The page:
The Amazing Marvin is tied up in the Bouregreg Marina, near Rabat, Morocco, after a 27-hr passage from Gibraltar yesterday. The Strait of Gibraltar wanted to give the Burnetts one last taste of the raucous waves in this part of the world, and fortunately this consisted of a downwind sail in 25 knots of wind with 6-9 ft seas. Mel and Greg had to hand steer for a few hours, and Mel experienced only a slight bit of panic when, after a particularly big wave, Mel was not strong enough to throw the rudders over by more than 10 degrees. The boat eventually did what she wanted, though, and things got better once she adjusted for the funky wave pattern. Downwind hand-steering in the Med (or its surrounds) is a little harder than what the Burnetts have encountered so far because the wave frequency is so much greater. After they turned the corner around Africa, however, things settled down and they had some nice sailing, at one point making 4 kts of speed in just 6 kts of wind in Marvin’s sweet spot, about 110 degrees true.
Enough boat stuff! The Burnetts wrapped up Gibraltar by getting a lot of stuff fixed, replaced, and de-corroded. Mukesh at Digital Corner on Main Street was very helpful! We left with a new trampoline, an asymmetrical spinnaker, and elevated blood levels of curry, thanks to Raj’s Curry House, dosed every other day. Of course, our stay in Gibraltar was marred only by the week of constant cold and rain, the longest consistent period of rain Gibraltar has seen in years. When we raised the main in the Strait when we left, a flood of rainwater came out of the sailbag and swamped the helm for over a minute. Yes, our sailbag is more watertight than our boat!
After two weeks in a familiar port, the Burnetts were excited to get back into the discovery of travel. Our next destination promised to be very different from recent ones: Morocco, in AFRICA, our fourth continent! Since we skipped Turkey, Morocco will be our first country with Islamic roots. To be honest, we were a little nervous.
When one sails into Rabat, one is met by a pilot boat who guides you down the Bouregreg River, because it has silted up in the past. We never saw less than 15 feet under our hull, though. There was the usual crowd of boatspotters along the banks watching us come in, and at one point someone, seeing our ensign, yelled in English, “Are you American?” Mel, not sure about what kind of PR the US has gotten in Morocco, responded timidly, “Yes!” The person on the bank yelled back, “Welcome!” Later on, we had the same interchange with a guy swimming in the river. Surprise #1.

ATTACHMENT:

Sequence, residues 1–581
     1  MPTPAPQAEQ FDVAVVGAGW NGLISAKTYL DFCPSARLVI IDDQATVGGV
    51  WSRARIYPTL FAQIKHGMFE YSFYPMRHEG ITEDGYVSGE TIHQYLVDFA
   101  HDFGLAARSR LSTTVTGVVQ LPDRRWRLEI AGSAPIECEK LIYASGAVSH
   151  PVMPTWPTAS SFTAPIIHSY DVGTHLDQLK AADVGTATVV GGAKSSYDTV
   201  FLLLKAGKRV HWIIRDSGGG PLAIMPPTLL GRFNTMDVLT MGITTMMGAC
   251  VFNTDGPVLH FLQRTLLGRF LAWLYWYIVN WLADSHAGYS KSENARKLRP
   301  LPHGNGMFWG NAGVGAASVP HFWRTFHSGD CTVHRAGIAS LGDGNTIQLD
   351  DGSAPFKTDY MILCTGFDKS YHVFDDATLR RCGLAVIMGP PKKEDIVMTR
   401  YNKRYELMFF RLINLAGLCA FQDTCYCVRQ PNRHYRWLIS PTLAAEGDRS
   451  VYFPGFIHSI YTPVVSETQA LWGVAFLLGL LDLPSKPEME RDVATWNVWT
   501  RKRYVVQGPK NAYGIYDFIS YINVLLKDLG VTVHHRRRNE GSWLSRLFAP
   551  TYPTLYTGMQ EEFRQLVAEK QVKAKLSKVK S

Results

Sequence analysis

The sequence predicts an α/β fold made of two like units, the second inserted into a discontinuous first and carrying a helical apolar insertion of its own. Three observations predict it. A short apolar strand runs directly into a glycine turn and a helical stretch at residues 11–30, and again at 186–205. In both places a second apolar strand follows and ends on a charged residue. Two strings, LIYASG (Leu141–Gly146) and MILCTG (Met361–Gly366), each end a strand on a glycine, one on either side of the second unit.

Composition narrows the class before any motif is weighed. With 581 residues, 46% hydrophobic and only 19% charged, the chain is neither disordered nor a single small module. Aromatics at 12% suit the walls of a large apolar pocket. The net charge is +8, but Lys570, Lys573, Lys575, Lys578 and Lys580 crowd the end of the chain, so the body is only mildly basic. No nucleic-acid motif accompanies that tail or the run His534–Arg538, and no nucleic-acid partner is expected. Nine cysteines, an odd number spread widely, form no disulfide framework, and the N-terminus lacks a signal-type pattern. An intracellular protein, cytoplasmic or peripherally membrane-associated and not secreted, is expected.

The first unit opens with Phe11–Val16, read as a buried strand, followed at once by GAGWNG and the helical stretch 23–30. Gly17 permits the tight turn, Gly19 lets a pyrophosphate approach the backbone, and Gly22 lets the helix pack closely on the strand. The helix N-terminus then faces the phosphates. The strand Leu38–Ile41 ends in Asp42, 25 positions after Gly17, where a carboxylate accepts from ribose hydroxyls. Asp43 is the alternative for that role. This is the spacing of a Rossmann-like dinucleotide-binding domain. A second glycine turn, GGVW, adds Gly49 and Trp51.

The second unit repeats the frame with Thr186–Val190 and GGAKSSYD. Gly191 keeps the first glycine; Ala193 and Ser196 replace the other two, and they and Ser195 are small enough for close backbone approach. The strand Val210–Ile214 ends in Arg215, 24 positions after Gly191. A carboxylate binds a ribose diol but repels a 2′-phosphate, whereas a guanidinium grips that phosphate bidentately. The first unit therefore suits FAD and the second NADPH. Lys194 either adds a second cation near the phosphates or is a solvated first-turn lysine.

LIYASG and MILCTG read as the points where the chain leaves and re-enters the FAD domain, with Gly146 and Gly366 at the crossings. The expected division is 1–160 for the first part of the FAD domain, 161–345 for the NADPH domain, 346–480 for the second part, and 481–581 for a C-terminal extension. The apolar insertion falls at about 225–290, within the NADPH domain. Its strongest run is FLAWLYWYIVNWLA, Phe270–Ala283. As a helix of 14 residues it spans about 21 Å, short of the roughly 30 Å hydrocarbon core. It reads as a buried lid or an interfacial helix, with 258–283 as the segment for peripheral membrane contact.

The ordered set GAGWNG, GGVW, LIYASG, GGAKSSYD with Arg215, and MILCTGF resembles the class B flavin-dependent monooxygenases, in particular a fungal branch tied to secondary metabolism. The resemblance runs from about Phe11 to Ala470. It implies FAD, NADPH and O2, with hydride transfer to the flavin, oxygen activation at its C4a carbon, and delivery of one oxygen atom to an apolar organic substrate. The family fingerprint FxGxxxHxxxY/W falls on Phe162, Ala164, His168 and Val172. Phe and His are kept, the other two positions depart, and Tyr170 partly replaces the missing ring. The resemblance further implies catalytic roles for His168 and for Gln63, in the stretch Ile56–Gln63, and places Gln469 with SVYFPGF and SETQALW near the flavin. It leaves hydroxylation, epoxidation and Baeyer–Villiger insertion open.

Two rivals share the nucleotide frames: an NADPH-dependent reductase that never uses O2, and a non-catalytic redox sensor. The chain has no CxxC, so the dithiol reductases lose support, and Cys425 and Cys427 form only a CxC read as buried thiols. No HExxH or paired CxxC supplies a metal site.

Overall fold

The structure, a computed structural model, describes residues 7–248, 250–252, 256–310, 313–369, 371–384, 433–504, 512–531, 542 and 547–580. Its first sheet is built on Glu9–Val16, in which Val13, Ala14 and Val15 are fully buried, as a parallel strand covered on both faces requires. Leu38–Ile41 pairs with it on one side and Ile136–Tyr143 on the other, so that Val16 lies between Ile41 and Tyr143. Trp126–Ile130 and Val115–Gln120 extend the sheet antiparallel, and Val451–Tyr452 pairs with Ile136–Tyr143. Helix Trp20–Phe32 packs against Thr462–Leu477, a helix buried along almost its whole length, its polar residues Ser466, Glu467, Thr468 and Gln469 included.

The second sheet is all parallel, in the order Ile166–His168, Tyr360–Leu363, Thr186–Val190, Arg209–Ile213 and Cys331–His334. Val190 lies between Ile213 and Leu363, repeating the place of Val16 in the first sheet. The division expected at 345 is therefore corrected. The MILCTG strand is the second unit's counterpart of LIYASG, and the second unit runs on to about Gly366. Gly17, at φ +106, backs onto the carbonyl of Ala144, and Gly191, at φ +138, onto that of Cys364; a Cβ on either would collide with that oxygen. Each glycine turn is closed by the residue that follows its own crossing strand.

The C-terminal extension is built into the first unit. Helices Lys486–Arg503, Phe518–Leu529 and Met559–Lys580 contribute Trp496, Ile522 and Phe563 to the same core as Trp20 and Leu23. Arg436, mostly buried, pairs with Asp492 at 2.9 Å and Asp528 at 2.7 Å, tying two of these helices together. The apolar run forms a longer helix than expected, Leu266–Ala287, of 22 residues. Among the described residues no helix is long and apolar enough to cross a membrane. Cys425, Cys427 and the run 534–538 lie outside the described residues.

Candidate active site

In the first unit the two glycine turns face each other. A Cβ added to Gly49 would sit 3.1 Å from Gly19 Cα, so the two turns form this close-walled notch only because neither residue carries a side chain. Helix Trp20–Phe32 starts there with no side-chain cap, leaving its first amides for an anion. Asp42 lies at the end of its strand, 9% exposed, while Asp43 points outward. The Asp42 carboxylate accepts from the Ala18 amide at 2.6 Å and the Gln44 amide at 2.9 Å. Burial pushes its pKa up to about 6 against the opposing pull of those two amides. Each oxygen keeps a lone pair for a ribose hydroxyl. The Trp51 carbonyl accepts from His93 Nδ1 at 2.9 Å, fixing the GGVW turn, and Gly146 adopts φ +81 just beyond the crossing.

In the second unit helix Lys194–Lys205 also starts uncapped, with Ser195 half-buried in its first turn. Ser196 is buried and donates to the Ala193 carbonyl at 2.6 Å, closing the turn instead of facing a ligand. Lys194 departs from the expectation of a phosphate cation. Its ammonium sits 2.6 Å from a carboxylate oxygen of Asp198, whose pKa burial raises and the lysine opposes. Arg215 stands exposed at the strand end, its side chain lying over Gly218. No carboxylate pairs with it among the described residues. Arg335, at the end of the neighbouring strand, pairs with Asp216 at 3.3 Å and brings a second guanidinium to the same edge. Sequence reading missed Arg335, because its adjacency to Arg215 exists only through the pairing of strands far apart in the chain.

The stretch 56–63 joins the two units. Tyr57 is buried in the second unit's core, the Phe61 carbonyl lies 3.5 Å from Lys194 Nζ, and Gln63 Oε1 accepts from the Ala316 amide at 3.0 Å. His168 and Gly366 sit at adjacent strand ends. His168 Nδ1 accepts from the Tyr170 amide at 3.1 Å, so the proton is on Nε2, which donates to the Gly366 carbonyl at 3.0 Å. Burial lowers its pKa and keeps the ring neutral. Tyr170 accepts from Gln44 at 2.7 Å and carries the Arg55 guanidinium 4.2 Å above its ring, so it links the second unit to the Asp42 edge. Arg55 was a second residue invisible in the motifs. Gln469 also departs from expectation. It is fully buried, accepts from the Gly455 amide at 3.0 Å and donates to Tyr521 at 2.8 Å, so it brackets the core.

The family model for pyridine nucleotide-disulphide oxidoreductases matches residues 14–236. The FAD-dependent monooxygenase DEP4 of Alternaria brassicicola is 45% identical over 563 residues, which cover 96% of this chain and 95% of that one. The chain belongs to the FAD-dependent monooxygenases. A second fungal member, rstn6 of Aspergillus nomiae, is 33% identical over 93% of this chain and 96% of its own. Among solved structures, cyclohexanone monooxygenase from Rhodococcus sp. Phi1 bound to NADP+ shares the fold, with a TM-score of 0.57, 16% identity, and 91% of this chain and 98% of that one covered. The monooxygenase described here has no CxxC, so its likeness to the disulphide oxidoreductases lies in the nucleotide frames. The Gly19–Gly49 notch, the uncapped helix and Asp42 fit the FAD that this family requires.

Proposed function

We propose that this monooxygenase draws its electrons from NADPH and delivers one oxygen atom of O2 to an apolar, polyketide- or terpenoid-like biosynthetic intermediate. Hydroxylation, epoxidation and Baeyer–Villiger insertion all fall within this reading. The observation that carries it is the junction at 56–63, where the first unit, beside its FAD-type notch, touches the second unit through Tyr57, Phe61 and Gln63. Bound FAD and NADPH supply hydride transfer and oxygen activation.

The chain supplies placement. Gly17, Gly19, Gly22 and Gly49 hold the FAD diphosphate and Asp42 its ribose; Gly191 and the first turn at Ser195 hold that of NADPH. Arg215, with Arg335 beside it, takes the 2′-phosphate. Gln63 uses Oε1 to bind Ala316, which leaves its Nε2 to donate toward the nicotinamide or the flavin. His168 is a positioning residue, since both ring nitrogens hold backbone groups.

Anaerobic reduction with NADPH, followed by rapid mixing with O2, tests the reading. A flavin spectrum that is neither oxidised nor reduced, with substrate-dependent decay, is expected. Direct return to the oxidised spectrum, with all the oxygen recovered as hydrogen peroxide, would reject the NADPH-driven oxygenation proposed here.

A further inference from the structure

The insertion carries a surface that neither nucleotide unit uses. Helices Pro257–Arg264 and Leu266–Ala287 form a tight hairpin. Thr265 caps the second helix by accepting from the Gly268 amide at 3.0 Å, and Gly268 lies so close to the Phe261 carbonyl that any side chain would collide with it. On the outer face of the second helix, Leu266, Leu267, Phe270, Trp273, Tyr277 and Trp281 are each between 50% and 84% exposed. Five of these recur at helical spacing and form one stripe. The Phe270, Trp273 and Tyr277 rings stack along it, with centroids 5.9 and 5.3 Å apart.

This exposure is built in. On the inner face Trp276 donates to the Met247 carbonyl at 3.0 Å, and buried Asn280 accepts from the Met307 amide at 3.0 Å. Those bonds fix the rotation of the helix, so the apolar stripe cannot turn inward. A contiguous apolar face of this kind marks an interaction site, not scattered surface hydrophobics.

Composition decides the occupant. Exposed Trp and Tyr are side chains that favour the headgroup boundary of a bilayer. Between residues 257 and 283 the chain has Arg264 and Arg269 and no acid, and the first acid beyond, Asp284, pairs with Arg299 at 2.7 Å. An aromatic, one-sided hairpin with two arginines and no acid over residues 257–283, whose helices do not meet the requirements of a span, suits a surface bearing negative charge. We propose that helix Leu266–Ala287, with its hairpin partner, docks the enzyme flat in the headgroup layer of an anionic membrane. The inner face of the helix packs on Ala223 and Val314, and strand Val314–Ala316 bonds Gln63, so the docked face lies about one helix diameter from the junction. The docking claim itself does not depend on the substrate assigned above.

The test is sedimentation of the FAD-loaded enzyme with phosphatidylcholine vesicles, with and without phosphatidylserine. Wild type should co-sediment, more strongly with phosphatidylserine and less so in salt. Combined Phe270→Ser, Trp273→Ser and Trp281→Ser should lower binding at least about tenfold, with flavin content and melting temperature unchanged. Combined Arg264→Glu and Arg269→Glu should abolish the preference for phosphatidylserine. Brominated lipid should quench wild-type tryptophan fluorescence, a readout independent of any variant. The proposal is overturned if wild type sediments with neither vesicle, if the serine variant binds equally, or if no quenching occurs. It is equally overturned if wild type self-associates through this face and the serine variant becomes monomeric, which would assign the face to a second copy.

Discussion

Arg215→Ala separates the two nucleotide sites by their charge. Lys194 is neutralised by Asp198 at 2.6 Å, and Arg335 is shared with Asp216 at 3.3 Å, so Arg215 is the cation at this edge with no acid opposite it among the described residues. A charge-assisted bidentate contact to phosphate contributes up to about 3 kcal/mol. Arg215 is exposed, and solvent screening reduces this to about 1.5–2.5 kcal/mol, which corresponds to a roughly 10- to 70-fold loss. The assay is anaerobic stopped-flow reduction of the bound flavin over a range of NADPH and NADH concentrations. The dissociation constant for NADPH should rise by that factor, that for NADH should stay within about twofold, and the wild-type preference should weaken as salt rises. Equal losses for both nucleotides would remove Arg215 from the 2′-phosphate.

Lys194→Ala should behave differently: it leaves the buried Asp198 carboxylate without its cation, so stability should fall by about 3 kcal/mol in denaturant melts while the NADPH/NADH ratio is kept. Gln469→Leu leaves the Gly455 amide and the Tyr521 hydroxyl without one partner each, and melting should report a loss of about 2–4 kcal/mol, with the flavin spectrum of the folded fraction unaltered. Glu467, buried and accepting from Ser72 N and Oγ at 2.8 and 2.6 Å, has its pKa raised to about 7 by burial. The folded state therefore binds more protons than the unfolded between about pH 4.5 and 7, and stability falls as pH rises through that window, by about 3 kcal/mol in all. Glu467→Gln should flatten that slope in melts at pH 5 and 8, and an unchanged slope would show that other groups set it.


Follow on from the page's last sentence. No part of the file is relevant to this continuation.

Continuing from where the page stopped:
Apparently, Morocco has long had a kinship for America, recognizing us all the way back when we had the Continental Congress. More recently, Morocco and America share a common history of terrorist attacks that really, really pissed us off. So now we are friends. But we are very different, with Morocco being a non-secular, Islamic state that still is lingering in the dark ages of women’s rights. Nevertheless, we are in some sort of awkward friendship, like a Republican-Democrat pairing, or this tiger and this pig:
As we were going down the river, we heard our first “call to prayer.” We all came out on deck, watching all of the fishermen and onlookers on the riverbank to see what they would do.
They didn’t do anything.
Well, surprise #2. It turns out that apparently not everyone always does the praying thing in Morocco. In retrospect, our expectation that everyone would drop what they were doing and pray is similar to someone visiting the US and expecting all of us to be Amish or something.
None of this would be too surprising if Mel had bothered to pay attention to the BBC at any point in her life. However, the weird secret is that a background of ignorance makes travel more fun. And Mel especially is having lots of fun. She can’t wait for more surprises!